Reading Food Labels Gets Easier
Food health rating programs aim to help grocery buyers make better choices.
Supermarket Health Rating Systems continued...
"The online option allows us to provide consumers with deeper levels of
functionality, additional information and explanation on food scoring, diet
recommendations, and how to use the scoring system for diabetes, cardiovascular
disease, and obesity," says Katz.
Another new front-of-pack nutrition labeling program is Smart Choices,
sponsored by the Keystone Organization, which represents a wide array of
industry, scientists, academicians, and health and research
organizations. Like the other programs, to qualify as a smart choice,
foods must meet specific nutrition criteria. A symbol will reflect foods
that qualify as healthy choices and will debut in grocery stores in
In 2006, the New England chain Hannaford Brothers became the first grocer to
launch a food scoring program. Their proprietary program, called "Guiding
Stars," was developed by a group of nutrition scientists. Hannaford plans
to license the nutrition navigation system to supermarket chains, vendors,
health care groups and anyone else interested in helping people make nutritious
"At Hannaford, we evaluate each food and beverage based on the
information from the nutrition facts panel and list of ingredients within a
100-calorie serving," says Caren Epstein, communications director for
Hannaford presents the results on a scale of 0-3 stars, with 3 being the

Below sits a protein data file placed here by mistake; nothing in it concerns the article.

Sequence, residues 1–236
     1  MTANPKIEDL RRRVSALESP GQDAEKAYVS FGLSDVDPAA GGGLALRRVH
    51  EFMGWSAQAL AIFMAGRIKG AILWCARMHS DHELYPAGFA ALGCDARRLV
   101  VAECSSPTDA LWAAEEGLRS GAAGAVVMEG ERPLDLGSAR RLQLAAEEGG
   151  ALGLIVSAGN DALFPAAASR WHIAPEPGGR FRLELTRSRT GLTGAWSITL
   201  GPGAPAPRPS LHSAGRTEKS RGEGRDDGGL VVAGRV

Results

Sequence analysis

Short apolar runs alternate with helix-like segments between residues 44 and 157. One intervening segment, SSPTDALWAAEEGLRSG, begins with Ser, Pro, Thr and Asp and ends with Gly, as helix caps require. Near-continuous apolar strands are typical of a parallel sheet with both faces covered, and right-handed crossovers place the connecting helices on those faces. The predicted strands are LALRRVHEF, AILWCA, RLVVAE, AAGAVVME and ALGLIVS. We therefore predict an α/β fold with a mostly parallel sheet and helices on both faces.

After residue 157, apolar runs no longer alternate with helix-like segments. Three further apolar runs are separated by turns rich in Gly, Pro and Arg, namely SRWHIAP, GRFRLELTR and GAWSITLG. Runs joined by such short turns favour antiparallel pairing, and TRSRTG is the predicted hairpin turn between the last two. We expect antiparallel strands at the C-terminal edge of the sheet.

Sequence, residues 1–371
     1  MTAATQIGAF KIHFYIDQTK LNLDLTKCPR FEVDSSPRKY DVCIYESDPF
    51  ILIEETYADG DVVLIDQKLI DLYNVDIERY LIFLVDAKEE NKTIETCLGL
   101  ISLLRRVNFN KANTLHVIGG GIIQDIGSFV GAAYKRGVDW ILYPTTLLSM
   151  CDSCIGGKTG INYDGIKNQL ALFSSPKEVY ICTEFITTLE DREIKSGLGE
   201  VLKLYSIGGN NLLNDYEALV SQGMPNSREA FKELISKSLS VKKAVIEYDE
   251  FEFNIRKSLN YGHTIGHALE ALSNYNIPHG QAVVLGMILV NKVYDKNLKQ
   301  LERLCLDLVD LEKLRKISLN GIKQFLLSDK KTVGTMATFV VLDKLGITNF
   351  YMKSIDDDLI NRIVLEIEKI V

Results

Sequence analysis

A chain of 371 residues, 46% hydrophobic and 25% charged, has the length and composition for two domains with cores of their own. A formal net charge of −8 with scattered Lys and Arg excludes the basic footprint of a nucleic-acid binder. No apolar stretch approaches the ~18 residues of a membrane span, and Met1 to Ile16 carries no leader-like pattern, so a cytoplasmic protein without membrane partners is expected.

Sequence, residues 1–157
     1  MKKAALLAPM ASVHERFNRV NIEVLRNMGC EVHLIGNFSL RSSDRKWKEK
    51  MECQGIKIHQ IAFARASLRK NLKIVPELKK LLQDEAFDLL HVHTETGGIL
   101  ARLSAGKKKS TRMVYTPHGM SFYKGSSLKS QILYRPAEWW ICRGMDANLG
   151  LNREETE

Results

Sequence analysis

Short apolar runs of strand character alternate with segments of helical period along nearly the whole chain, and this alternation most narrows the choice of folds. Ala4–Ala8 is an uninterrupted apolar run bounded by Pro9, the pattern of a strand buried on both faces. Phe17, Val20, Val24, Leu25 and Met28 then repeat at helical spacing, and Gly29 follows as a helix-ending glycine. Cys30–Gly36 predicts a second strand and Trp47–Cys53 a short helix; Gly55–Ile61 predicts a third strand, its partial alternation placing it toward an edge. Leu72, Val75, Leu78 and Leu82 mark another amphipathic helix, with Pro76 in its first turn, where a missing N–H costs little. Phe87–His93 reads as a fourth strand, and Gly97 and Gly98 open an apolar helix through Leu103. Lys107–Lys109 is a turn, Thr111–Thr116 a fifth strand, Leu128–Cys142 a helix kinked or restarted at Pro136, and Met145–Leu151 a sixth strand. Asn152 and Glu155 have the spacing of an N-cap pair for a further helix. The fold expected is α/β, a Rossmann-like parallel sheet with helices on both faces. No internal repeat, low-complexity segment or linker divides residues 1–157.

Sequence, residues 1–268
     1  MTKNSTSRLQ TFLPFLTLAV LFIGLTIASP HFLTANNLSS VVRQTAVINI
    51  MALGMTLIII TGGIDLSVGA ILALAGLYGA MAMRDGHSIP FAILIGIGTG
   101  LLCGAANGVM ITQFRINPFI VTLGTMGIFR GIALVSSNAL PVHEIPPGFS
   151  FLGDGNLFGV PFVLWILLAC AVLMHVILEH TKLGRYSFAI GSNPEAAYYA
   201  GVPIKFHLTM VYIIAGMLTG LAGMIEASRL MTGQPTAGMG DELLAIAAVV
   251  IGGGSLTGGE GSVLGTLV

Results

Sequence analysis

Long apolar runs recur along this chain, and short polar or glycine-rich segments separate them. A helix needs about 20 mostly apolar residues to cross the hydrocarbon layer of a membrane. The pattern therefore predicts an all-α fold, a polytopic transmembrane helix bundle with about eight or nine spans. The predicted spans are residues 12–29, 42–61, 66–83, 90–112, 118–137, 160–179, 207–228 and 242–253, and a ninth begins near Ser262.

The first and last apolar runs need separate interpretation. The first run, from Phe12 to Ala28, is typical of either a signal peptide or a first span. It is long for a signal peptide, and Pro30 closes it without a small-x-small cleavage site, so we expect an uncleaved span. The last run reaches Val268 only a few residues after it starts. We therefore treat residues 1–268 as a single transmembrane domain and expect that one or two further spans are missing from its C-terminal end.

healthiest. Hannaford has scored more than 25,500 foods and beverages.
"Our customers love the program and it has helped them make better food
choices within certain categories and teach their children about good
nutrition," says Epstein.
In Harris Teeter's "yourwellness" program, color-coded wellness keys
are placed on foods that meet the FDA's criteria for certain label terms. The
markers distinguish foods that are "excellent" or "good"
sources of particular nutrients, as well as foods that are free of fat,
lactose, sodium, or sugar; low in sodium, fat, or calories; heart-healthy;
lean; organic; vegan; or contain zero trans fats.
Even markets that don't have formal rating systems usually have some way to
help consumers select healthier foods -- through newsletters, demonstrations,
and/or shelf markers.
Other Food Rating Programs
Since 1995, the American Heart Association (AHA) has been trying to make
heart-healthy grocery shopping easier with its heart check symbol. To qualify
for the AHA Food Certification Program, a single serving of the food must,
according to Food and Drug Administration criteria:
- Contain no more than 3 grams of total fat
- Contain no more than 1 gram of saturated fat
- Contain no more than 20 grams of cholesterol
- Contain no more than 480 milligrams of sodium
- Contain at least 10% or more of one of these naturally occurring nutrients:
protein, fiber, vitamin A, vitamin C, calcium, or iron.
About.com has an online Calorie Count Plus system that rates foods, on a
scale of A+ to F, according to a formula that takes into account both healthy
and not-so healthy components in the food, Hartley says. The food's nutrient
density (that is, the number of nutrients per calories) is also taken into
consideration. A registered dietitian makes the final rating determination by